Thursday, March 14, 2013

St Patrick's Day

On St Patrick’s Day in Newcastle Upon Tyne, very’ normal’, unassuming individuals seems to take on a different persona. Every student in the city suddenly becomes an honorary Irishman or woman and most attempt to adopt the accent (quite badly too….). I have lived with a proud Irishman for two years now, so I know how important this day is to an Irish national. I am also well trained in stocking the fridge full of Guinness and potato bread.

St Patrick’s Day however isn’t just about how much green coloured Guinness you can drink. (Though I know this may come as a surprise to many.)

I thought this year instead of just merely explaining the history of St Patrick’s Day, I would tackle some of the common misconceptions surrounding this widely celebrated day.

St Patrick

St Patrick’s true name was Maewyn Succat and he was born in either Scotland or Roman England. He was kidnapped from Wales as a young man and sold into slavery in Ireland. During his captivity he turned to God and six years later he eventually escaped and returned to his family, where he became a cleric and eventually a bishop of the Christian faith. He returned to Ireland as a missionary for Christianity. Not much is known about his life, it is rumoured that entire kingdoms converted to Christianity influenced purely by his message. His death on March 17th 460 AD is the day we now call St Patrick’s Day.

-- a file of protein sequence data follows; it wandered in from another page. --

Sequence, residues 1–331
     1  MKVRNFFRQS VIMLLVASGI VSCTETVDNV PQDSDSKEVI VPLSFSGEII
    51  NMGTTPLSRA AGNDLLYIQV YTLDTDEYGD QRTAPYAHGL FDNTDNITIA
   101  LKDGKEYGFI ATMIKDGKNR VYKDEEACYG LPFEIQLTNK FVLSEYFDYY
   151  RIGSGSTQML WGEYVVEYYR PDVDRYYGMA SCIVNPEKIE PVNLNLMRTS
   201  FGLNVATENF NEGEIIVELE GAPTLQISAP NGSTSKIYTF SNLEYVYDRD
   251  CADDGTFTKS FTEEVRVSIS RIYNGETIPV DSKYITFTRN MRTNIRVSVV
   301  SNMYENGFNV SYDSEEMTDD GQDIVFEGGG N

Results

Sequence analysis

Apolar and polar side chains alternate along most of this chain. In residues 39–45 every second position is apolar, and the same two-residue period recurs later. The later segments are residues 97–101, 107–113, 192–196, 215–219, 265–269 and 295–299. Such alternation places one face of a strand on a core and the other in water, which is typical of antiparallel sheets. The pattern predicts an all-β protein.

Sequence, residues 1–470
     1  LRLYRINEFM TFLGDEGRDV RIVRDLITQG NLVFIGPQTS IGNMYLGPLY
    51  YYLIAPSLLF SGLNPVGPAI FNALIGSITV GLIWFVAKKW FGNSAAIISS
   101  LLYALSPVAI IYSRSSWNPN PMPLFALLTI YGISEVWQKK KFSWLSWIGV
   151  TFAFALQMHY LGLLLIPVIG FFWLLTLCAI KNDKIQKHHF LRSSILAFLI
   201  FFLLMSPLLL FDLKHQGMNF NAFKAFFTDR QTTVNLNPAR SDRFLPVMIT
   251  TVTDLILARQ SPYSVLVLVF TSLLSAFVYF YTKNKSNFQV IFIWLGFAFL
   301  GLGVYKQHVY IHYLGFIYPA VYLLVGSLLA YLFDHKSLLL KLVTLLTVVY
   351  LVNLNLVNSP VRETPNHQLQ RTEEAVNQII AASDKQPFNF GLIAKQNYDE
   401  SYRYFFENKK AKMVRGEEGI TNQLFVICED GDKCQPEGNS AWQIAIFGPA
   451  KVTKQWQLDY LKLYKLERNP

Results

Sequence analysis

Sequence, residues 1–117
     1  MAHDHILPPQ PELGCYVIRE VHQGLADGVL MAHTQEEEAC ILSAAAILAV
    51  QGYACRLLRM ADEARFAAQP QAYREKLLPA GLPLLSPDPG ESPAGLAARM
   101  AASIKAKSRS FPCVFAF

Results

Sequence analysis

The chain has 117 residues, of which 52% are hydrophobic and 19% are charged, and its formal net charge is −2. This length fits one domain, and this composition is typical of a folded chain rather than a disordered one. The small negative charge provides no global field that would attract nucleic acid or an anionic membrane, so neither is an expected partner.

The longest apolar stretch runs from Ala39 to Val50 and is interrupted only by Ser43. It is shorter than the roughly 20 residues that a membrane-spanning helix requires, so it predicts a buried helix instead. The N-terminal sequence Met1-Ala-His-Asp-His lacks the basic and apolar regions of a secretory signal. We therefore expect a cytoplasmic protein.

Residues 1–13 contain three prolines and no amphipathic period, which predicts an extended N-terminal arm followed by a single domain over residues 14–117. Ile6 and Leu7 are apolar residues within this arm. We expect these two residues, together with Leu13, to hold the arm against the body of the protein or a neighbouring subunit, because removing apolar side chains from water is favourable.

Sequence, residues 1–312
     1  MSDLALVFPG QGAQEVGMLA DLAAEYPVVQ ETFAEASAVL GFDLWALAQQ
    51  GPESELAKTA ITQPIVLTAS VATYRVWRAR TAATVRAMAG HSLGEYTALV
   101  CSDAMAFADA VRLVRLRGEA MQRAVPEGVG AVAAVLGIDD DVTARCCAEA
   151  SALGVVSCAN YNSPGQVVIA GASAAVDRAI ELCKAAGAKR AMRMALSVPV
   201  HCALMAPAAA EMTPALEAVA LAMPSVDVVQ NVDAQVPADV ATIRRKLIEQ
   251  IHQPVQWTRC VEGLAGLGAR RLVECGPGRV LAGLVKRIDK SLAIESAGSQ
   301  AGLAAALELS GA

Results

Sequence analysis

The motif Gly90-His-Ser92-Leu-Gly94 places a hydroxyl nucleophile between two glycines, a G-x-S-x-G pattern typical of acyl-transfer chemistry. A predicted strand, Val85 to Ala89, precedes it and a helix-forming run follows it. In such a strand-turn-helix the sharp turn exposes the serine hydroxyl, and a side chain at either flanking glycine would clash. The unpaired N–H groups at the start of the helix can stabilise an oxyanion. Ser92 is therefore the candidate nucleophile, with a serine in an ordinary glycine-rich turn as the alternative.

Alcohol Consumption

It seems a commonly regarding opinion that St Patrick’s Day is for heavy drinking, however in Ireland St Patrick’s Day started as a religious festival and until the 1970’s the Irish government had ruled that no public house could open on March 17th. Traditionally it was a solemn time for Irish families to go to church.

The Shamrock

In history there is no connection between St Patrick and the four leaf clover. St Patrick used the three leaf clover the demonstrate The Doctrine of the Trinity (the Father, the Son and the Holy Spirit). The true Irish shamrock has always been represented by the three leaf clover.

No matter your nationality or beliefs, if you are celebrating St Patrick’s Day 2013, spare a thought for Maewyn, the 16 year old boy, who found comfort in his God in difficult times. And then enjoy your Guinness!

St Patrick and AC Silver

For those of you interested in Irish silver history or just have a craving for a highly collectable Irish silver teapot, why not take a look at our Irish Silver category. If you have any further enquiries please do not hesitate to contact us online or in store.
Irish Sterling Silver Teapot (W6120)

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